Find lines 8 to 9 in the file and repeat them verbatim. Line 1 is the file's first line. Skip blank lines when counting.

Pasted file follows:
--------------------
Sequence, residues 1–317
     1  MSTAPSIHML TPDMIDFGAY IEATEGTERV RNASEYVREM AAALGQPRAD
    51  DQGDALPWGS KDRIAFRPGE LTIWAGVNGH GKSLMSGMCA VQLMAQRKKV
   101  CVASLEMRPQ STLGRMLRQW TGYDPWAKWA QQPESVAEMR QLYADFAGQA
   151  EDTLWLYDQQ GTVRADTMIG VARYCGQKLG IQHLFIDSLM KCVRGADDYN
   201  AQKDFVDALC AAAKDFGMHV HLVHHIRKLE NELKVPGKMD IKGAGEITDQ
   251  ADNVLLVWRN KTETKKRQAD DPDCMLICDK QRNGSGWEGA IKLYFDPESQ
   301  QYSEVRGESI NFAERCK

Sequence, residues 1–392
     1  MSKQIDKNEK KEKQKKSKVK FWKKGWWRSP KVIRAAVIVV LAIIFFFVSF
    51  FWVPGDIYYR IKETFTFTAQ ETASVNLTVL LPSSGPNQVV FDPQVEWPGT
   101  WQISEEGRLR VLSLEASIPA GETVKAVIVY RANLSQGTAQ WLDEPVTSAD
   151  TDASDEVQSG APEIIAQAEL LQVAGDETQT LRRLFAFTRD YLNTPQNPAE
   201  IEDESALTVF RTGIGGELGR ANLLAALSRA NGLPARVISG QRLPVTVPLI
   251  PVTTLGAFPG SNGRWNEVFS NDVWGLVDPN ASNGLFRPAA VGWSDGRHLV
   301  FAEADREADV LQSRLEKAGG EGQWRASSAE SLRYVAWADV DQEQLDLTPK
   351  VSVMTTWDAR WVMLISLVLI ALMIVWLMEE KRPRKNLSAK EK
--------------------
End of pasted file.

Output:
   301  QYSEVRGESI NFAERCK

Sequence, residues 1–392